EUROpean Dyspnoea Survey in the EMergency Departments (EURODEM)
Braunwald defines dyspnoea as an abnormally uncomfortable awareness of breathing. Breathing discomfort, and its varying degrees of severity, is the one of the most disturbing symptoms patients can experience; and it is one of the main complaints in the patients presenting to the Emergency Department (ED). Dyspnea has a variety of underlying etiologies, like cardiac, pulmonary or metabolic etiologies or a combination of them, since several diseases can cause dyspnea like for instance heart failure (HF), asthma and chronic obstructive pulmonary disease (COPD).
Acute heart failure syndrome (AHFS) is collectively defined as a gradual or rapid change in heart failure (HF) signs and symptoms resulting in a need for urgent therapy. Heart failure (HF) is one of the most important causes of morbidity and mortality in the industrialized world. The prevalence of symptomatic HF is estimated to range from 0.4 to 2.0% in general European population. The incidence increases rapidly with age, and in Europe. Characteristics, clinical presentation, treatment, and outcomes of HF patients admitted to hospital have been adequately described, in Europe and in the United States. The Euro Heart Failure Survey (EHFS) I with 11 327 patients described the demographics of acutely hospitalized HF patients. The ADHERE registry has data on over 100 000 hospitalizations for AHF from the USA. In-hospital mortality was 4 and 7%, in ADHERE and EHFS I, respectively.
This same sensation of breathlessness is what also drives patients with asthma and chronic obstructive pulmonary disease (COPD) to the ED. Chronic obstructive pulmonary disease (COPD) exacerbation accounts for approximately 1.5 million ED visits in the United States per year. It is the third most common cause of hospitalization, with an estimated 726 000 hospitalizations in 2000 in the USA. Previous studies have demonstrated important differences between guideline recommendations and actual management of COPD exacerbation, either in the ED or during hospitalization.
The diagnosis in front of a dyspneic patient in the ED remains a challenge, because of a low sensitivity of the clinical signs associated with the aging of the population and the variety of underlying diseases. Little is known about the Epidemiology of dyspneic patients in the ED at the European level. Diagnosis, prevalence and treatment of the patients may vary among European countries.
|Study Type:||Observational [Patient Registry]|
|Study Design:||Observational Model: Cohort
Time Perspective: Prospective
|Target Follow-Up Duration:||30 Days|
|Official Title:||EUROpean Dyspnoea Survey in the EMergency Departments|
- All cause mortality [ Time Frame: 30 days ] [ Designated as safety issue: No ]All cause mortality will be evaluated 30 days after ED visit.
- All cause rehospitalization [ Time Frame: 30 days ] [ Designated as safety issue: No ]
- ED visit [ Time Frame: 30 days ] [ Designated as safety issue: No ]New ED visit during follow-up
|Study Start Date:||February 2014|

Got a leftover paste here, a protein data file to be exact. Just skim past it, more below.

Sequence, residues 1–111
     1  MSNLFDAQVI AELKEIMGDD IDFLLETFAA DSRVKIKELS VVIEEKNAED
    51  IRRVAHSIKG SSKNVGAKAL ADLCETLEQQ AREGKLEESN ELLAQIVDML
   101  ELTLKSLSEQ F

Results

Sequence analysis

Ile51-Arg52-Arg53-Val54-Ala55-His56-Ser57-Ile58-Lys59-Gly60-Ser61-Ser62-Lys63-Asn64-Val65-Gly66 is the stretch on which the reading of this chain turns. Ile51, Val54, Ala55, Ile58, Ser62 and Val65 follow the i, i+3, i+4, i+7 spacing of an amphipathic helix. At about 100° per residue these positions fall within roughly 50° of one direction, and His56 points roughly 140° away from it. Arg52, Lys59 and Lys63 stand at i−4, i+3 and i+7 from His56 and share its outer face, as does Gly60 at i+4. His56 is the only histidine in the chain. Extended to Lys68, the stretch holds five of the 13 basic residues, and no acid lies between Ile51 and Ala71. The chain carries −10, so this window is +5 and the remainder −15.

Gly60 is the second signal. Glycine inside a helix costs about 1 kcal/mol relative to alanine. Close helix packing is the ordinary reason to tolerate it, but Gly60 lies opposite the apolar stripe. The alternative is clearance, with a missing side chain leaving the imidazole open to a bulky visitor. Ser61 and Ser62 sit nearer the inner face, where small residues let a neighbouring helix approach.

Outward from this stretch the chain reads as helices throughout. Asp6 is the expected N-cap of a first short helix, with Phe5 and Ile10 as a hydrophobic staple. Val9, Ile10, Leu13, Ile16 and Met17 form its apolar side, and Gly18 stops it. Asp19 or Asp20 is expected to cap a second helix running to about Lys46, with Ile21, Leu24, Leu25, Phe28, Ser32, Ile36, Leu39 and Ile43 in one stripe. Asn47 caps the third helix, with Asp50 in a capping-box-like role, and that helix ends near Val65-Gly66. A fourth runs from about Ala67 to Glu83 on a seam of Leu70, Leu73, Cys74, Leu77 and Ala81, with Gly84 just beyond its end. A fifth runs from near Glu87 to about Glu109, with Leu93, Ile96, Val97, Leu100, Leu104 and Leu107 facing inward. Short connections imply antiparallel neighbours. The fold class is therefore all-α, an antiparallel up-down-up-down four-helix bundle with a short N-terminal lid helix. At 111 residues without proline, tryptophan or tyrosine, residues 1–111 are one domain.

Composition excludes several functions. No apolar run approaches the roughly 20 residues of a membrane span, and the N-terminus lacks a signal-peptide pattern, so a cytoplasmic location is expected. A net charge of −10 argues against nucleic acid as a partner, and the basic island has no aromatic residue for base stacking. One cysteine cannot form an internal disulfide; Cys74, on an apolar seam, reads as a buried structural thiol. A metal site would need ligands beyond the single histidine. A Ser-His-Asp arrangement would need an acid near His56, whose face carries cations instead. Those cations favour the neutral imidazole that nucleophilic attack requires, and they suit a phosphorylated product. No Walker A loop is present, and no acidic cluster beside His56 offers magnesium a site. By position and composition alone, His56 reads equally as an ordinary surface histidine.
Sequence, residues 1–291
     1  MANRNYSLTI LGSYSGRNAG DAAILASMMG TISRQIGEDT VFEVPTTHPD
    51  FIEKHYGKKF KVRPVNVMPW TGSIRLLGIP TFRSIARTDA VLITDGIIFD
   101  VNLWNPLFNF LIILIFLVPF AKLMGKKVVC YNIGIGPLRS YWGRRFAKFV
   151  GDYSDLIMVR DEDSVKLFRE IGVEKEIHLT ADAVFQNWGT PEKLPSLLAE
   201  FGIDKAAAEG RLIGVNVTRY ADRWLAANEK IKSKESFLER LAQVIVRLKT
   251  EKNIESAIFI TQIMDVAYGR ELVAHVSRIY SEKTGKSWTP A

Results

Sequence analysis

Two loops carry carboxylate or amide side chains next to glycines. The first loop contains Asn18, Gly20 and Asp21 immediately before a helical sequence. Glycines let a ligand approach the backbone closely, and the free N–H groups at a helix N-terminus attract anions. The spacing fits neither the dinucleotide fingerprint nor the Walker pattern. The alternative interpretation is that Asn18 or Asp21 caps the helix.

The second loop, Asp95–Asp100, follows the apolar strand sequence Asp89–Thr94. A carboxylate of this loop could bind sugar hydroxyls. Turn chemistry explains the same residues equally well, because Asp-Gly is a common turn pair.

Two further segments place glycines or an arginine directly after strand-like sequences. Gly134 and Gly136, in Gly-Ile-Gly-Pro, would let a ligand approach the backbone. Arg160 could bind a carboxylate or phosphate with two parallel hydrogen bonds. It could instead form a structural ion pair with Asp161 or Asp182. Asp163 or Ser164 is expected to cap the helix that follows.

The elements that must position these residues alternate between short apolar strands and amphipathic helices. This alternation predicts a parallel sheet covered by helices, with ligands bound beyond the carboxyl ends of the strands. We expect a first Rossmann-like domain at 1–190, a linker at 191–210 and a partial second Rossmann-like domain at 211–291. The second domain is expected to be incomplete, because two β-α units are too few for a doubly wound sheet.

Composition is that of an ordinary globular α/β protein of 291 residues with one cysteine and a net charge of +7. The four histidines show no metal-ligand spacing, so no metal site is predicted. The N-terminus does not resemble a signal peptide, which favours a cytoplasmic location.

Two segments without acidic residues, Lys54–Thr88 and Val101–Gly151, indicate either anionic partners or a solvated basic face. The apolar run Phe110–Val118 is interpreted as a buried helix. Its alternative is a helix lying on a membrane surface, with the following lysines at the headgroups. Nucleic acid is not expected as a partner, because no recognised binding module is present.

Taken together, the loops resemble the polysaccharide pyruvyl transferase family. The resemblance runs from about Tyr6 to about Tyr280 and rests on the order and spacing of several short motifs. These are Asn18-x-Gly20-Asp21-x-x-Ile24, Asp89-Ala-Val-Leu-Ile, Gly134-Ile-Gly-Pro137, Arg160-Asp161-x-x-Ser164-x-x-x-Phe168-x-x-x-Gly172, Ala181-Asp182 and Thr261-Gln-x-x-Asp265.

|Estimated Study Completion Date:||November 2014|
|Estimated Primary Completion Date:||March 2014 (Final data collection date for primary outcome measure)|
- Epidemiologic description of patients presenting to the ED with shortness of breath as main complaint.
- Description of current management in the ED of patients presenting to the ED with shortness of breath as main complaint.
- Sub analysis of ED discharged patients versus admitted patients for characteristics, comparison to recommended care and re-ED visit.
Determine clinical and/or biological criteria to distinguish between:
- Patients who are treated as outpatients and admitted patients.
- Patients hospitalized in ward and patients admitted to intensive care units (CCU and ICU)
- Prognostic prediction, using clinical and biochemical data
- To determine if ED patients treated for acute heart failure differ from those admitted to hospital.
- Comparison of European data characteristics, investigation, treatment and outcome to similar data in other part of the world.
Please refer to this study by its ClinicalTrials.gov identifier: NCT02060799
|Contact: Said LARIBI, MD, PhD.||+33 1 49 95 63 email@example.com|
|Contact: Franck Verschuren, MD, PhD|
|Principal Investigator: Franck Verschuren, MD, PhD|
|Contact: Veli-Pekka Harjola, MD, PhD|
|Principal Investigator: Veli-Pekka Harjola, MD, PhD|
|Contact: Said LARIBI, MD, PhD +33 1 49 95 63 91|
|Principal Investigator: Said Laribi, MD, PhD|
|Contact: Michael Christ, MD, PhD|
|Principal Investigator: Michael Christ, MD, PhD|
|Contact: Cinzia Barleta, MD|
|Principal Investigator: Cinzia Barleta, MD|
|Country: Netherlands||Not yet recruiting|
|Contact: Oene Van Meer, MD|
|Principal Investigator: Oene Van Meer, MD|
|Cluj Napoca, Romania|
|Contact: Adela Golea, MD, PhD|
|Principal Investigator: Adela Golea, MD, PhD|
|Contact: Luis Garcia-Castrillo, MD|
|Principal Investigator: Luis Garcia-Castrillo, MD|
|Contact: Mehmet Akif Karamercan, MD|
|Principal Investigator: Mehmet Akif Karamercan, MD|
|Country: United Kingdom||Not yet recruiting|
|Manchester, United Kingdom|
|Contact: Richard Body, MD, PhD|
|Principal Investigator: Richard Body, MD, PhD|
|Principal Investigator:||Said LARIBI, MD, PhD||Lariboisière Hospital, EuSEM|